Foto del docente

Francesco Quarta

Associate Professor

Department of Sociology and Business Law

Academic discipline: IUS/01 Private Law


BOOK RELEASE: Compensation and Punishment in Tort Law ("Risarcimento e sanzione nell'illecito civile"), ESI 2013

"Risarcimento e sanzione" mirrors the clash between the two opposite views concerning the role of private actions in defense of the public good; it expresses the tension, in many Continental European jurisdictions, between the stated goal of fully compensating the wronged person and the often-dissimulated temptation of punishing the author of highly reprehensible actions. "Risarcimento e sanzione" seeks to re-assess the actual extension of these two souls of the law of torts, with a view to emancipating the realm of compensatory damages from the residual punitive traces which may endanger their insurability, while revitalizing the place and role of punitive civil sanctions as instruments of widespread oversight on the effectiveness of fundamental rights (through their 'private' enforcement), in the framework of a renovated, more person-oriented European Union law.

If the control over the effectiveness of fundamental human rights continues to be entrusted in the traditional, purely-compensatory machinery of private law, then the maximum result achievable in the civil process remains the compensation of the victims for the harm actually suffered (the sufficiency of which, especially with respect to intangible harm, is - to say the least - debatable). From such angle, judges have no evaluative power as to the actual degree of reprehensibility or culpability of the wrongdoer's conduct.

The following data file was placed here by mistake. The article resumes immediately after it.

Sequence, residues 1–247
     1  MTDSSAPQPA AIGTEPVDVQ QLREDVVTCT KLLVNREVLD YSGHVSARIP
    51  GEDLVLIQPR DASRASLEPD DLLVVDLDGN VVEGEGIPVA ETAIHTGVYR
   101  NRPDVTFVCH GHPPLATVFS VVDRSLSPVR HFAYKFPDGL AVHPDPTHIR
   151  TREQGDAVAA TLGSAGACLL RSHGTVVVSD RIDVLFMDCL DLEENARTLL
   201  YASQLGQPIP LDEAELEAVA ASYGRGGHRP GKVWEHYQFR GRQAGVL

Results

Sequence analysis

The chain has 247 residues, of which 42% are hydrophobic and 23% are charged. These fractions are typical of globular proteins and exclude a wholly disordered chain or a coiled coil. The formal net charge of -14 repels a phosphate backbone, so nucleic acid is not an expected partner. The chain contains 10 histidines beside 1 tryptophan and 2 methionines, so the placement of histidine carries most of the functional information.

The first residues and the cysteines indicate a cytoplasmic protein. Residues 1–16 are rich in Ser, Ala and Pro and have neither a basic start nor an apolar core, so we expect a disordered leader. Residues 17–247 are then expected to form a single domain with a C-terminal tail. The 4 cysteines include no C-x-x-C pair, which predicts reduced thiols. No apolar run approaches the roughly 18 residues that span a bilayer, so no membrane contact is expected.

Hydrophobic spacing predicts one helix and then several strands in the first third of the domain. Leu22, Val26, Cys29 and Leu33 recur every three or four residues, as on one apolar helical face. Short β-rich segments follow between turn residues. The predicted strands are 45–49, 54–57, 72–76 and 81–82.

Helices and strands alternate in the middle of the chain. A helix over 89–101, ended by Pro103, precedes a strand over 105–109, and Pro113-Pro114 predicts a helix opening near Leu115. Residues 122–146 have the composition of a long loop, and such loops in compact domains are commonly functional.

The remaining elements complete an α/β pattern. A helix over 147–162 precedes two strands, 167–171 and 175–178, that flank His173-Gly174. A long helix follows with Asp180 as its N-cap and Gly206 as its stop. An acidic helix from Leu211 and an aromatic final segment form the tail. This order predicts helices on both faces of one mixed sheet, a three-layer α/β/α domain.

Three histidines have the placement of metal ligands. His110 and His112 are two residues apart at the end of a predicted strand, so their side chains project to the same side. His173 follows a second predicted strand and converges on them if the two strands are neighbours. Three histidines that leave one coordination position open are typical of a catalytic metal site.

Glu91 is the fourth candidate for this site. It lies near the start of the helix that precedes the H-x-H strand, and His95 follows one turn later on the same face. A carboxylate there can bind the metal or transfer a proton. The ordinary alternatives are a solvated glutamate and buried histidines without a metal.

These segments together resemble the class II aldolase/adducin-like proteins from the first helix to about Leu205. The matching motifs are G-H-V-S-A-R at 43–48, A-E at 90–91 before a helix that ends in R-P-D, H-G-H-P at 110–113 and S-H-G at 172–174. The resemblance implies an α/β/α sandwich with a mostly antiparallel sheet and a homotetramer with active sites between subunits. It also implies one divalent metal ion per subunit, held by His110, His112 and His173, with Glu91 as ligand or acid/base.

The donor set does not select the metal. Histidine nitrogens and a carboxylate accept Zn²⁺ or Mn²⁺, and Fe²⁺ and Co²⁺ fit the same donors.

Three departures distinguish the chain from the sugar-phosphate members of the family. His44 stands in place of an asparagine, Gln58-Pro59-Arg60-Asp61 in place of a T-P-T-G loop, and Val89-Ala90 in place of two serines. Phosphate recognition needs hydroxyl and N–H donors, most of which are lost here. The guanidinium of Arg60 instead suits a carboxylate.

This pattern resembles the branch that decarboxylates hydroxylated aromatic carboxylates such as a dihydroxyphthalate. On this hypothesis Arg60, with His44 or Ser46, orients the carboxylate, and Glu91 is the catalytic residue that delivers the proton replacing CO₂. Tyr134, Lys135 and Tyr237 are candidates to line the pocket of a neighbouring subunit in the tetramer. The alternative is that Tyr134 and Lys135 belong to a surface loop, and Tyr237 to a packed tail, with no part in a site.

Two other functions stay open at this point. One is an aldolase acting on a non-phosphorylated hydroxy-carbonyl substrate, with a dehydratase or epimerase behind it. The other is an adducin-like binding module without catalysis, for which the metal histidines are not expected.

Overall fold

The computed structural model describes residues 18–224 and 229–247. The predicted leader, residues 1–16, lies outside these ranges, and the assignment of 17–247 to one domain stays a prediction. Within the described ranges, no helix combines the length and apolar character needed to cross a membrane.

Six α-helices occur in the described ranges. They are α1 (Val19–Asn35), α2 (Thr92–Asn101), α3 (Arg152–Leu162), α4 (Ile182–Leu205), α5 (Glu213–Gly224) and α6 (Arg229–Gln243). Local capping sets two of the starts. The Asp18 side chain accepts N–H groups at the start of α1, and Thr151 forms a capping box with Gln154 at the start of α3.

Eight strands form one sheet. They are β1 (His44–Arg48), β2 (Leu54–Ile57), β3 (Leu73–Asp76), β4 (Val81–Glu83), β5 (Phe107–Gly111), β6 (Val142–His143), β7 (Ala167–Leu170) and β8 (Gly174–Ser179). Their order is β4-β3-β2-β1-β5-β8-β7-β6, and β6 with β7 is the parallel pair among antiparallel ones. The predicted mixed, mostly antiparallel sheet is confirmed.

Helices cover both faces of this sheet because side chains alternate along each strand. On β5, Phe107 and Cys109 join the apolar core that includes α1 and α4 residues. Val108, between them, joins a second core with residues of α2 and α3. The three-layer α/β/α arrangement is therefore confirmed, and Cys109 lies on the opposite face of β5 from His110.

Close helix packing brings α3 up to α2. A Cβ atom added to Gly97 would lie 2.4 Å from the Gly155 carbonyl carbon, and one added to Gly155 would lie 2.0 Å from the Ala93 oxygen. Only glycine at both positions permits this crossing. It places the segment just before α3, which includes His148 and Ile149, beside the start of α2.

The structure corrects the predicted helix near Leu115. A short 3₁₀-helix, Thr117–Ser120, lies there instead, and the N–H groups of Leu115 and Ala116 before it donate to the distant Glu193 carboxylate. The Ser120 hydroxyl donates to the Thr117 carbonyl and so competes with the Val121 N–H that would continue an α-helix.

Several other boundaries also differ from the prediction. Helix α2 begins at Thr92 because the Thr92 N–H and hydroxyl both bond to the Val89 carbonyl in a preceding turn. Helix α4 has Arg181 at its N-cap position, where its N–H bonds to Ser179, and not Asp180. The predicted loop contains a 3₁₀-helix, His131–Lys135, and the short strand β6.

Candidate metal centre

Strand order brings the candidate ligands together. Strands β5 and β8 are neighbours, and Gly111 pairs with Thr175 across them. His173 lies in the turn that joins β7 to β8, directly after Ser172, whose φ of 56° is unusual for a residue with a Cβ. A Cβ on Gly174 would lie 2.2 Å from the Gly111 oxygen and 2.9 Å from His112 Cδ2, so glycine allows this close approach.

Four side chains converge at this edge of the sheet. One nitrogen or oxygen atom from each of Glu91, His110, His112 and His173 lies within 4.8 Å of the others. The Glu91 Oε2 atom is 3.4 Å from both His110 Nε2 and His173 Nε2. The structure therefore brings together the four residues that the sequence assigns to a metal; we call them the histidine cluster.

Generally, sanctions are irrational when they bear no relationship with the gravity of the offense: and it is so not only when sanctions are utterly excessive, but also in cases where - albeit necessary - for one reason or another they are not applicable.

The book aims to shed light into the multiform intersection of tort law and criminal law, in Italy and beyond, preliminarily looking at the political choices underlying the clear-cut separation of "action privée" and "action publique" in the French Code of Crimes and Punishments of 1795 (and its repercussions on the ensuing tort litigation in Europe). It goes on to analyze the differentiated approaches to punitive damages in the United States (common law P.D., "qui tam actions", statutory damages), the evolution of the English law of exemplary and aggravated damages, the developments and the judicial responses in New Zealand and Australia. Moreover, of great importance is the "punitive" Quebec Charter of Fundamental Rights and Freedoms, which reveals that the issue of extra-compensatory civil sanctions (especially for violation of inviolable rights) cannot be deemed a prerogative of common law systems.

The comparative study hence leads into Italian law, which most of the proposals are addressed to. The final chapters highlight the many civil sanctions provided for by currently-in-force statutes, showing in conclusion that the availability of extra-compensatory damages depends, by and large, on the "courage" of judges in enforcing those very rules and, above all, the principles governing the legal system.

Published on: October 12 2013